This is complemented in section 6 Wordclass Tagging in BNC XML by a detailed presentation of the linguistic annotation or wordclass tagging applied throughout the corpus. (This chapter is derived from the the Manual to accompany The British National Corpus (Version 2) with Improved Word-class Tagging (Leech and Smith) originally distributed separately with BNC World)

Section 7 Software for the BNC discusses briefly some ways of exploiting the the BNC computationally. Section 9 Miscellaneous tables complements the metadata supplied in the header by listing and documenting several of the coded values used in the markup. A brief bibliography combining significant background readings about the BNC with works cited elsewhere in the manual is provided in section 8 References and a complete list of all the original sources from which the corpus was compiled is given in section 10 List of Sources.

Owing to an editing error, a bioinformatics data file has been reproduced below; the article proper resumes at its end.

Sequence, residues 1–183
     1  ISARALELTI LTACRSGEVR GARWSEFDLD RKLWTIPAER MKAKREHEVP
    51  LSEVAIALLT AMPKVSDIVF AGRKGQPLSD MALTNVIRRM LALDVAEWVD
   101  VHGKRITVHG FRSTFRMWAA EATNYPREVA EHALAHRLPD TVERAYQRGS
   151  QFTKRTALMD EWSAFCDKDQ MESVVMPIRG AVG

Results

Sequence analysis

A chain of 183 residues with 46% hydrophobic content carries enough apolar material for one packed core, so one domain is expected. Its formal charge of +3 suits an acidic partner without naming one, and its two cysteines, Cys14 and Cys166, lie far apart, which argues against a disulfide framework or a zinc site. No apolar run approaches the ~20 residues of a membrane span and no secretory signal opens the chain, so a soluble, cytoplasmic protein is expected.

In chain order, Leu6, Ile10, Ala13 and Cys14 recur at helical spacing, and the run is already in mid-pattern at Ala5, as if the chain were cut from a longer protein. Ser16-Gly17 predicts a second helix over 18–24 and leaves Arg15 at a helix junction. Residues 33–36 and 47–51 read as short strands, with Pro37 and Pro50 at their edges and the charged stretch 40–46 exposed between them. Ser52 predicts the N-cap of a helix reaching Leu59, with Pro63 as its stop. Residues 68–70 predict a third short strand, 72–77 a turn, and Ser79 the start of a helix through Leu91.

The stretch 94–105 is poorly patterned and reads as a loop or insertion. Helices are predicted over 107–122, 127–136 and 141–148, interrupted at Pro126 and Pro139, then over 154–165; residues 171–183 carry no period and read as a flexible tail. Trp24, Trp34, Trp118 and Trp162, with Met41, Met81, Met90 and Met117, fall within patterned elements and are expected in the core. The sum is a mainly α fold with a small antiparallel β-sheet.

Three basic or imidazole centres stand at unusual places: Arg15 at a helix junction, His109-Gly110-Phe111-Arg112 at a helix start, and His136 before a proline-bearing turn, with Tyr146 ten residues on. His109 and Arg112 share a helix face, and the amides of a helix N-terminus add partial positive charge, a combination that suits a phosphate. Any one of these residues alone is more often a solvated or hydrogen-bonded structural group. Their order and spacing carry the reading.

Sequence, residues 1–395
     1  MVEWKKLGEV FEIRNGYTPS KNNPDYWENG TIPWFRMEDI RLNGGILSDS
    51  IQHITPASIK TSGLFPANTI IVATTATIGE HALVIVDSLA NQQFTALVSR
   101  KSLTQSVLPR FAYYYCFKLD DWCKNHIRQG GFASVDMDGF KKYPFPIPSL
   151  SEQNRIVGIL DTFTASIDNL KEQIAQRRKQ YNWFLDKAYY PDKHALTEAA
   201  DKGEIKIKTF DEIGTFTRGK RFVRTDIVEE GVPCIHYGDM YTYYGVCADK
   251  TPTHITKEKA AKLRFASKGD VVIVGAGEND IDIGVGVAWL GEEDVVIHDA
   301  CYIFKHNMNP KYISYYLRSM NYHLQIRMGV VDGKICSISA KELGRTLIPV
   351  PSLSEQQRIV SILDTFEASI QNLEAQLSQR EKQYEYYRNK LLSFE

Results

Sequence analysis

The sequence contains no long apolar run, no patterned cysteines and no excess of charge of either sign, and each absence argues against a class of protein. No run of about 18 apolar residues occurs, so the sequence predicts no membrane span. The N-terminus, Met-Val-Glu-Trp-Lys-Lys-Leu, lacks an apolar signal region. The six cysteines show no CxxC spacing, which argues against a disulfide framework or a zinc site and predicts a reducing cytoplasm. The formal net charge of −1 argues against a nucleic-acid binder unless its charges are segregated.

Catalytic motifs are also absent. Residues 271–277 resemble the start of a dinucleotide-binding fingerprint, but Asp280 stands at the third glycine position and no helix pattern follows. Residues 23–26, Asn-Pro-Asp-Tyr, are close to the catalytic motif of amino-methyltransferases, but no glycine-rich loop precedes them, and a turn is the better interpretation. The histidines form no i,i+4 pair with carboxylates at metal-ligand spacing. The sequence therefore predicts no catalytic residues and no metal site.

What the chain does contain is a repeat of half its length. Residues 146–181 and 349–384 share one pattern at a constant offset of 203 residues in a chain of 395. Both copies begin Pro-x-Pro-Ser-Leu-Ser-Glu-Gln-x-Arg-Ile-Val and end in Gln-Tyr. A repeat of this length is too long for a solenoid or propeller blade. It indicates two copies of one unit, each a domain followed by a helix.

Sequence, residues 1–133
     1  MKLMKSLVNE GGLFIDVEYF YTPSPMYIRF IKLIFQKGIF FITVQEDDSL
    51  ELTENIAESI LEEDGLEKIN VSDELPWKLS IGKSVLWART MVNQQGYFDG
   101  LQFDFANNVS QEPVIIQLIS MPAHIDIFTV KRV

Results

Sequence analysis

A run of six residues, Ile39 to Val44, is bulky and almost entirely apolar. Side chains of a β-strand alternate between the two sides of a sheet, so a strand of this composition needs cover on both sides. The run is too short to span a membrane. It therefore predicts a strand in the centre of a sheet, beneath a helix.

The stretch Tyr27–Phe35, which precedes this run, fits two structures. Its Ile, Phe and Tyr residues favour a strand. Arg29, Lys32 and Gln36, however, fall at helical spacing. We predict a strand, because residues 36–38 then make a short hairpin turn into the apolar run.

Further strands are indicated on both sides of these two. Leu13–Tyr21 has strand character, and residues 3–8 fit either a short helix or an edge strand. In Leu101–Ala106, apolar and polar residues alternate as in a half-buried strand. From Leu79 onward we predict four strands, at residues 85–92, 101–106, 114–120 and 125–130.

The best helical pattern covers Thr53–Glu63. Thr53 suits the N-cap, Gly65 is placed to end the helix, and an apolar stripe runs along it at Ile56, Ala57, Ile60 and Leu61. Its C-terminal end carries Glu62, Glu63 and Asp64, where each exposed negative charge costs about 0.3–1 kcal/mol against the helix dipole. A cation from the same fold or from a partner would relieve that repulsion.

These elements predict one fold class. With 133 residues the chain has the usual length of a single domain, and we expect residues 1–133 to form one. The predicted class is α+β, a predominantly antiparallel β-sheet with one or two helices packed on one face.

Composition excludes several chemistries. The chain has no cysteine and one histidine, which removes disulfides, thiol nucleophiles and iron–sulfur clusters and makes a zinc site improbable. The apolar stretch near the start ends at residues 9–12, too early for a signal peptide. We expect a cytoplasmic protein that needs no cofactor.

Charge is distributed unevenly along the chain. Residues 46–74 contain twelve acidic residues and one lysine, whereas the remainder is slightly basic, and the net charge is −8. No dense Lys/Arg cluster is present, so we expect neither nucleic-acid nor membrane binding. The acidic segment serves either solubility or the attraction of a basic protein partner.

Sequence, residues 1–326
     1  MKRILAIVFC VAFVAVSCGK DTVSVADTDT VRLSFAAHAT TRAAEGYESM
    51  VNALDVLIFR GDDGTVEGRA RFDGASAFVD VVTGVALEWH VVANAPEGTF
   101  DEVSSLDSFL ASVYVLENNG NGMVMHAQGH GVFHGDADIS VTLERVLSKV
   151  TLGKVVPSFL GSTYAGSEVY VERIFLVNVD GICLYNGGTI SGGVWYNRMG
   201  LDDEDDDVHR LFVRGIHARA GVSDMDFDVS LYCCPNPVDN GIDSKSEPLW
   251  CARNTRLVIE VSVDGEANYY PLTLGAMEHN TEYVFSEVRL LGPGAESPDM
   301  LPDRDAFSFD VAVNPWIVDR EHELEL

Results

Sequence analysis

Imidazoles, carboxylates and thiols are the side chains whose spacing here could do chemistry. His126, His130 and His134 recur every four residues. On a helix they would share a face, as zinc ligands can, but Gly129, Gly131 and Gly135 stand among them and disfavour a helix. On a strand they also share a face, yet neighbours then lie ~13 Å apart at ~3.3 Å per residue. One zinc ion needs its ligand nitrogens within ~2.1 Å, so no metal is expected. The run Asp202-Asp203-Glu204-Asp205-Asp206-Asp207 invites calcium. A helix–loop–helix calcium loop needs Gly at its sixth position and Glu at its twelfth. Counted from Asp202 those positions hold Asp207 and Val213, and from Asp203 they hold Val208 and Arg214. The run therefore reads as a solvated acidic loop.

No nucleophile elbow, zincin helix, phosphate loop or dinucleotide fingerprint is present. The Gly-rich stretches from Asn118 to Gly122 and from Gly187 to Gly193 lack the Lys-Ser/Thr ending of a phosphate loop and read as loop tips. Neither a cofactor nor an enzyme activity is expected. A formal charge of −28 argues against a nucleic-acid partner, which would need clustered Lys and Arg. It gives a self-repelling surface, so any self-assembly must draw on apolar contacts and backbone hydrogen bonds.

Section 11 The Xaira Specification documents suggested settings for those wishing to use the XAIRA system to index and query the BNC. The pre-built XAIRA index delivered as part of the BNC XML package was made using the XAIRA specification described in this section. This section is provided for the convenience of XAIRA users; it may be ignored if you are using some other software to search or manage the corpus.

Finally, a reference section (12 Formal Specification of the BNC XML schema) provides an alphabetical list of all XML elements and attributes used in the markup of the corpus, together with the model and attribute classes to which they belong, and macros used to simplify references to them. This specification conforms to the 2007 (P5) edition of the TEI Guidelines ([24]), with which it should be read in conjunction.

The BNC was originally created by an academic-industrial consortium whose original members were:
  • Oxford University Press
  • Longman Group Ltd
  • Chambers Harrap
  • Oxford University Computing Services
  • Unit for Computer Research on the English Language (Lancaster University)
  • British Library Research and Development Department